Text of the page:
Memorial and Biographical History of Dallas County, Texas.

50 PRRJIDEATTS OZ~ Till? UATI TED STATES.

combinations which led to his trial for treason.
He was warmly received by Jackson,
at whose instance a public ball was given
in his honor at Nashville, and contracted
with the latter for boats and provisions.
Early in 1807, when Burr had been proclaimed
a traitor by President Jefferson,
volunteer forces for the Federal service
were organized at Nashville under Jackson's
command;' but his energy and activity
did not shield him from suspicions of
connivance in the supposed treason. He
was summoned to Richmond as a witness
in Burr's trial, but was not called to the
stand, probably because he was out-spoken
in his partisanship.
On the outbreak of the war with Great
Britain in I812, Jackson tendered his services,
and in January, I813, embarked for
New Orleans at the head of the Tennessee
contingent. In March he received an order
to disband his forces; but in September
he again took the field, in the Creek
war, and in conjunction with his former
partner, Colonel Coffee, inflicted upon the
Indians the memorable defeat at Talladega,
Emuckfaw and Tallapoosa.
In May, I814, Jackson, who had now acquired
a national reputation, was appointed
a Major-General of the United States army,
and commenced a campaign against the
British in Florida. He conducted the defense
at Mobile, September 15, seized upon
Pensacola, November 6, and immediately
transported the bulk of his troops to New
Orleans, then threatened by a powerful
naval force. Martial law was declared in
Louisiana, the State militia was called to
arms, engagements with the British were
fought December 23 and 28, and after re-enforcements
had been received on both sides
the famous victory of January 8, 1815,
crowned Jackson's fame as a soldier, and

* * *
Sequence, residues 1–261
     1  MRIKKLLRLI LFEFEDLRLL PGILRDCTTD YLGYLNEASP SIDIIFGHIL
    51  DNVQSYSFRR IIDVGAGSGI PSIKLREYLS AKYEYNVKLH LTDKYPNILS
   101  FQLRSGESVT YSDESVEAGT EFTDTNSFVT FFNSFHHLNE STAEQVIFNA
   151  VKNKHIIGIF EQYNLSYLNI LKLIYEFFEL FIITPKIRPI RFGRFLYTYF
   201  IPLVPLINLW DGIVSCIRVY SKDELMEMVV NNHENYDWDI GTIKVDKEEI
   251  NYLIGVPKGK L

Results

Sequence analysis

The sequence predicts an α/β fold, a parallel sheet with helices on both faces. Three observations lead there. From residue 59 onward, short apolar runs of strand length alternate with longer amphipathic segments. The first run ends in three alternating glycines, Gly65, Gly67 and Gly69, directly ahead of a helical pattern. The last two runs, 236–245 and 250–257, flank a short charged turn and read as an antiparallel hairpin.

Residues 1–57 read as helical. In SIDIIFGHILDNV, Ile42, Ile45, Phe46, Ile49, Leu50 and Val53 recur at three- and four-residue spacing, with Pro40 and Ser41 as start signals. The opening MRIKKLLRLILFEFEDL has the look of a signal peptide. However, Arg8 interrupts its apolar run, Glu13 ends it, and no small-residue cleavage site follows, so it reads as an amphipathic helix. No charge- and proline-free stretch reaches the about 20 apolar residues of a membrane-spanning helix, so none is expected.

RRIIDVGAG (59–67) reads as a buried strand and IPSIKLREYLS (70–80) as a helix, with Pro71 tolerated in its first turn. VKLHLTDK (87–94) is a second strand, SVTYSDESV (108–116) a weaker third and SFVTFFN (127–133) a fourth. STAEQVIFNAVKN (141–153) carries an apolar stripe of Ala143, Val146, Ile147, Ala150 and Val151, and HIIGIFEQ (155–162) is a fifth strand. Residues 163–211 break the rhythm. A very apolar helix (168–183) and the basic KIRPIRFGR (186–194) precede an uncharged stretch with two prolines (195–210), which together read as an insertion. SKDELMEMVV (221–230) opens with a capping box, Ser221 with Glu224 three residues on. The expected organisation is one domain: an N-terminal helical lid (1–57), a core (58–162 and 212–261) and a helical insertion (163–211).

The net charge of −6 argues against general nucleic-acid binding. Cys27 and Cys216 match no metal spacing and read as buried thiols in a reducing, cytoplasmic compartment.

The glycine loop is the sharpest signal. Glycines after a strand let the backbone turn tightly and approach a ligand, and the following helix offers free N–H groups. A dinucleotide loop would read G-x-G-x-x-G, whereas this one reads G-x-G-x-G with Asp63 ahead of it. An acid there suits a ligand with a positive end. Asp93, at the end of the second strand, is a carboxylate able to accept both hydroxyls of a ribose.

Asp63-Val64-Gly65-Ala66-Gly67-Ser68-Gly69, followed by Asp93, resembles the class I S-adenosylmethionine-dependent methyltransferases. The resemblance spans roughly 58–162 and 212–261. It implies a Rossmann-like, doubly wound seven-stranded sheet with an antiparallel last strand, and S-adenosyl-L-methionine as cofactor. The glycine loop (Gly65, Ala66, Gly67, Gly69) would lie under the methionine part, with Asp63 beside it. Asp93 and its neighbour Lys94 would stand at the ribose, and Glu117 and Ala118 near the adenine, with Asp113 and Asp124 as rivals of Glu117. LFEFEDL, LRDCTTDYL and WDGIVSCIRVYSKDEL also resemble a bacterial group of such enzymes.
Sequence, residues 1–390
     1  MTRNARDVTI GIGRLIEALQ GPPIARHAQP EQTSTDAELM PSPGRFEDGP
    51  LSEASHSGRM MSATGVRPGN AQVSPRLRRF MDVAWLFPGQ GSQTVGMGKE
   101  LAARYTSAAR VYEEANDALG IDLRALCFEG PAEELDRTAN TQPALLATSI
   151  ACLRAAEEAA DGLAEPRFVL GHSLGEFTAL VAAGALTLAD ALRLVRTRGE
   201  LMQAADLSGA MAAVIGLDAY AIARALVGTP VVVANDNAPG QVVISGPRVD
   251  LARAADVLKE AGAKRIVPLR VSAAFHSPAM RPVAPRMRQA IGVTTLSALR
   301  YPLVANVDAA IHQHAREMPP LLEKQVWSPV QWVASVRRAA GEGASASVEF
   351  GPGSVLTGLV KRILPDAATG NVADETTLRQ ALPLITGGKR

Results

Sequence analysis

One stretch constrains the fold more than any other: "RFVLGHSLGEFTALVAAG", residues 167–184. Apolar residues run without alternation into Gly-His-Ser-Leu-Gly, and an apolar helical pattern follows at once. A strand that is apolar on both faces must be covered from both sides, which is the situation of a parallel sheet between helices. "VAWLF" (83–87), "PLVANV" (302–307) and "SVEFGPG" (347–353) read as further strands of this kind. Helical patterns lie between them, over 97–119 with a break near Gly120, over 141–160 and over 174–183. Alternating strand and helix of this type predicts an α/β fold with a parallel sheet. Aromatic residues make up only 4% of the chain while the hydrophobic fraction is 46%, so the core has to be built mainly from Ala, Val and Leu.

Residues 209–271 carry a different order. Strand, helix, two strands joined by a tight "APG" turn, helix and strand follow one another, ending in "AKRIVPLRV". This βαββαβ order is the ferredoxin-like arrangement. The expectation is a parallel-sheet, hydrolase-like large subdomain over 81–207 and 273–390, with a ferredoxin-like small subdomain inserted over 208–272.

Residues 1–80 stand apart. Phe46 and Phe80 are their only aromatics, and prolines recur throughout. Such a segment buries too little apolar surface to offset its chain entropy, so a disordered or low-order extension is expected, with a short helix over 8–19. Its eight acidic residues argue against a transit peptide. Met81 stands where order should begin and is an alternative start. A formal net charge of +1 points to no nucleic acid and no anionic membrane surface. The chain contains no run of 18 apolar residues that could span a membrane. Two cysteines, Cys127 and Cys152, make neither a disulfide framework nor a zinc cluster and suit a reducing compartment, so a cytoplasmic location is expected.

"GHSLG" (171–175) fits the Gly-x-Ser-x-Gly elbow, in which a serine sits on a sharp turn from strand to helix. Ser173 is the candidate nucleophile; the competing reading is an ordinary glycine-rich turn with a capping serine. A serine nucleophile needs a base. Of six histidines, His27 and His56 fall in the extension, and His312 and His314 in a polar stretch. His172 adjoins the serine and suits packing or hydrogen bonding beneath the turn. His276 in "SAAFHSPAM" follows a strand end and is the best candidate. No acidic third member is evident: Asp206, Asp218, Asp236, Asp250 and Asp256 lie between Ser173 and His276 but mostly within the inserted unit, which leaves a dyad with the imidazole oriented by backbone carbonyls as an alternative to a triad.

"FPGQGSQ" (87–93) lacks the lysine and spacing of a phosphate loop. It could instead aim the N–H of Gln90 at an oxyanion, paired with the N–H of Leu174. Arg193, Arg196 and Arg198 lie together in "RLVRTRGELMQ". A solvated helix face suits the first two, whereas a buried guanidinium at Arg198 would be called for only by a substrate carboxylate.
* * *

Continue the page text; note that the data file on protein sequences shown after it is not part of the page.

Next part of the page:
made him the typical American hero of
the first half of the nineteenth century.
In I817-'18 Jackson conducted the war

against the Seminoles of Florida, during
which he seized upon Pensacola and executed
by courtmartial two British subjects,
Arbuthnot and Ambrister--acts which
might easily have involved the United
States in war both with Spain and Great
Britain. Fortunately the peril was averted
by the cession of Florida to the United
States; and Jackson, who had escaped a
trial for the irregularity of his conduct
only through a division of opinion in Monroe's
cabinet, was appointed in 1821 Governor
of the new Territory. Soon after he
declined the appointment of minister to
Mexico.
In 1823 Jackson was elected to the United
States Senate, and nominated by the Tennessee
Legislature for the Presidency. This
candidacy, though a matter of surprise, and
even merryment, speedily became popular,
and in 1824, when the stormy electoral canvas
resulted in the choice of John Quincy
Adams by the House of Representatives,
General Jackson received the largest popular
vote among the four candidates.
In 1828 Jackson was triumphantly elected
President over Adams after a campaign of
unparalleled bitterness. He was inaugurated
March 4, 1829, and at once removed
from office all the incumbents belonging to
the opposite party-a procedure new to
American politics, but which naturally became
a precedent.
His first term was characterized by quarrels
between the Vice-President, Calhoun,
and the Secretary of State, Van Buren, at.
tended by a cabinet crisis originating in
scandals connected with the name of Mrs.
General Eaton, wife of the Secretary of
War; by the beginning of his war upon the
United States Bank, and by his vigorous
action against the partisans of Calhoun,
who, in South Carolina, threatened to
nullify the acts of Congress, establishing a,
protective
tariff.
, In the Presidential campaign of I834

Lewis Publishing Company. Memorial and Biographical History of Dallas County, Texas.. Chicago, Illinois. The Portal to Texas History. http://texashistory.unt.edu/ark:/67531/metapth20932/. Accessed December 19, 2014.